A new study by researchers from Swansea and Bournemouth Universities has found that eye-catching and appealing computer graphics help people perform tasks quicker and more easily as the activity gets more demanding.
The results of the study by Dr Irene Reppa from Swansea University’s Department of Psychology, and Professor Siné McDougall of Bournemouth University’s School of Design, Engineering and Computing, into how the aesthetic appeal of visuals such as icons on electronic devices such as mobile phones and websites enhances performance, has been published in the journal Psychonomic Bulletin & Review.
The team used computer icons in their study, as these visuals are well-defined stimuli and part of everyday modern life.
In a search-and-localisation task, the study’s participants first memorised a target icon and then searched for it among an array of nine “distractor” icons.
This activity was designed to reflect the kind of task people perform when interacting with modern electronics, which included finding and selecting icons representing tasks to be carried out from among a number of distracting symbols.
Simple and familiar icons were the easiest to find, but when the task was difficult, icons which were aesthetically appealing were found faster than their unappealing counterparts.
That is, when the icons were complex, abstract, or unfamiliar, there was a clear advantage for the more aesthetically appealing targets.
And by contrast, when the icons were visually simple, concrete, or familiar, aesthetic appeal no longer mattered.
The study concludes that appealing icons are not only pleasant to use, but also speed up people's ability to solve multi-step problems with visuals when using websites or mobile phones.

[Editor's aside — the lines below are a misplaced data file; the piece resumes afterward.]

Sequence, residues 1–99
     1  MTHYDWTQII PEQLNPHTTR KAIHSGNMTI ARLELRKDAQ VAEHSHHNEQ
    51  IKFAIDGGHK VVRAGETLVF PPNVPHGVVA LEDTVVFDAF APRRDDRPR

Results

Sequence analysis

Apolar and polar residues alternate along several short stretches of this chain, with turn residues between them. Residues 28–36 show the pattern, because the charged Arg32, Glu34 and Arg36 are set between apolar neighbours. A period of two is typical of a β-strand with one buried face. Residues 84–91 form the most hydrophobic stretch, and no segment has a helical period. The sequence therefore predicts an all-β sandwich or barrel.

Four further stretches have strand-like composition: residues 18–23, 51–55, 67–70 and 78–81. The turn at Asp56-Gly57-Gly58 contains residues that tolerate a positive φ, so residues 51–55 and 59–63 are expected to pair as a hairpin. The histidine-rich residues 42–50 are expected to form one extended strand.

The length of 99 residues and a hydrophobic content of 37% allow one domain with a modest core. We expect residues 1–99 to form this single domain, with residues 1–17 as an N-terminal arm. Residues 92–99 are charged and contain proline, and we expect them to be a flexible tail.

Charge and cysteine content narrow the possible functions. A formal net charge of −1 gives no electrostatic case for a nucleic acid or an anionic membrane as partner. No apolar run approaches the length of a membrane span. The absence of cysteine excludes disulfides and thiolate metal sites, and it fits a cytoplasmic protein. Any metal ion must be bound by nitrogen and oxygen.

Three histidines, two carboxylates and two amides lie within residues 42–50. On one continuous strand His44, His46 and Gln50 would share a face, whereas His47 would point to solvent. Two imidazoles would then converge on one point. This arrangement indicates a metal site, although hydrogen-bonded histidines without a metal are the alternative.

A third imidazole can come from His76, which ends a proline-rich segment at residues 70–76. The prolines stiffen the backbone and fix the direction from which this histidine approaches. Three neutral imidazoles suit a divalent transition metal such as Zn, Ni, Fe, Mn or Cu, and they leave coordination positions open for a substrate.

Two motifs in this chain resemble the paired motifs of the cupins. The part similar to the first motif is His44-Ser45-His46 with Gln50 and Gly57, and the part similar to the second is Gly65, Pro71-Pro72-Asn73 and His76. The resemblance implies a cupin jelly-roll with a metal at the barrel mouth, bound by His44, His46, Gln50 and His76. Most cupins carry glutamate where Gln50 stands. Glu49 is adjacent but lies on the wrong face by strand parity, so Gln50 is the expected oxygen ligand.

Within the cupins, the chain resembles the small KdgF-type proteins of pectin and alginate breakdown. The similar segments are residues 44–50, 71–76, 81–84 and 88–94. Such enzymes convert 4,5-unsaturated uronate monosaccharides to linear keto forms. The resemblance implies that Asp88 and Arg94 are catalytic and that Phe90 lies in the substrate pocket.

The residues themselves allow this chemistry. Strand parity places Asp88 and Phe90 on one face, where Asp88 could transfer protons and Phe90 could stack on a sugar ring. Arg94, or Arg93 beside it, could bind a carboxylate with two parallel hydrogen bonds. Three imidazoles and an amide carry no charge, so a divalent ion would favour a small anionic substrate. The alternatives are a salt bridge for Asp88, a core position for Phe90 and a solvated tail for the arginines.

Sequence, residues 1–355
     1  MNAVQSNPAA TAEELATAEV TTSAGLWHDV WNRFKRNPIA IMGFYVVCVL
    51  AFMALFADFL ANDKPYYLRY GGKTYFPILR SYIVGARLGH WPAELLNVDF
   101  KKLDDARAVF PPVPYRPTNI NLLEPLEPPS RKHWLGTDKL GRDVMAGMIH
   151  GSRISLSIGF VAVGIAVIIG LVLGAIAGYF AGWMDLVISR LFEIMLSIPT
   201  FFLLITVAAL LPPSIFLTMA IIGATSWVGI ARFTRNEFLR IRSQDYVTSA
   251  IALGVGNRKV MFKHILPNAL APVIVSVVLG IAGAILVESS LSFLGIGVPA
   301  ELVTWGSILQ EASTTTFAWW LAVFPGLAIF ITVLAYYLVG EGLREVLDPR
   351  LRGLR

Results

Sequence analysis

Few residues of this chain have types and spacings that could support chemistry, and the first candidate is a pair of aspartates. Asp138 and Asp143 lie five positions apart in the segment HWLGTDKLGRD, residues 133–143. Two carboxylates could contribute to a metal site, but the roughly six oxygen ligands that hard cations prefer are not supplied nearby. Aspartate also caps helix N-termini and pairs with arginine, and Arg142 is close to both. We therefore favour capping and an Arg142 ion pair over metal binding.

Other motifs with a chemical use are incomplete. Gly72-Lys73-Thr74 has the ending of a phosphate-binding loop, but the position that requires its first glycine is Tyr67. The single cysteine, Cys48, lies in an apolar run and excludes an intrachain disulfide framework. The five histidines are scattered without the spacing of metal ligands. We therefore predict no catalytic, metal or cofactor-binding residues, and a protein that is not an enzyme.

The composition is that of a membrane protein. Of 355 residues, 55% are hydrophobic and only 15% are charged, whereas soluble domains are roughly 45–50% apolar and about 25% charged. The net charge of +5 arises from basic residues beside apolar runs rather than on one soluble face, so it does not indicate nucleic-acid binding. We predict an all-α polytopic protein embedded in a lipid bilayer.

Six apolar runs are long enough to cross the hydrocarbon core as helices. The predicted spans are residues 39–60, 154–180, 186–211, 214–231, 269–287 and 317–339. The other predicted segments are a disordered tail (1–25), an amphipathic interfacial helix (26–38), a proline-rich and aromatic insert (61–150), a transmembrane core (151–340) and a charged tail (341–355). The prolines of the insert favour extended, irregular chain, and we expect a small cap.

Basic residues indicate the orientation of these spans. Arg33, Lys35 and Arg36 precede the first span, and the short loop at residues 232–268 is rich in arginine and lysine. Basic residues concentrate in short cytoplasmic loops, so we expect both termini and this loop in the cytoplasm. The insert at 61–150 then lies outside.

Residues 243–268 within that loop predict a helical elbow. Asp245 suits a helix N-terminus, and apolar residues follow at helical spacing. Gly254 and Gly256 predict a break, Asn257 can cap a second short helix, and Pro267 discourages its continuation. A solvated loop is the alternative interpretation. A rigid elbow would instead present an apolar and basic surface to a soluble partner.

Pleasing aesthetics prove to be most important under taxing conditions, such as when users deal with complex, abstract or unfamiliar material. Investing in the design of attractive visuals with the most widespread appeal for mobiles and websites, or anything people need to interact with, will enhance the user experience, make these applications and interfaces more efficient, and be beneficial in the long run.
"Savings of even a few milliseconds at a time all add up when someone is performing multi-step interactions on a website or a mobile phone," said Dr Reppa, who is based within the Swansea’s College of Human and Health Sciences.
"This might make people avoid some interfaces, such as certain websites or phones, in favour of those that maximise efficient performance.
“Use of aesthetic visuals produces a win-win situation for all parties involved.”
Image 1 - Appealing icon.
Image 2 - Unappealing icon.
A full copy of the paper – Reppa, I. & McDougall, S. (2015). When the going gets tough the beautiful get going: Aesthetic appeal facilitates task performance, Psychonomic Bulletin & Review. DOI 10.3758/s13423-014-0794-zby – can be accessed here.
- Monday 23 March 2015 00.00 GMT
- Monday 23 March 2015 11.29 GMT
- Swansea University, Tel: 01792 295049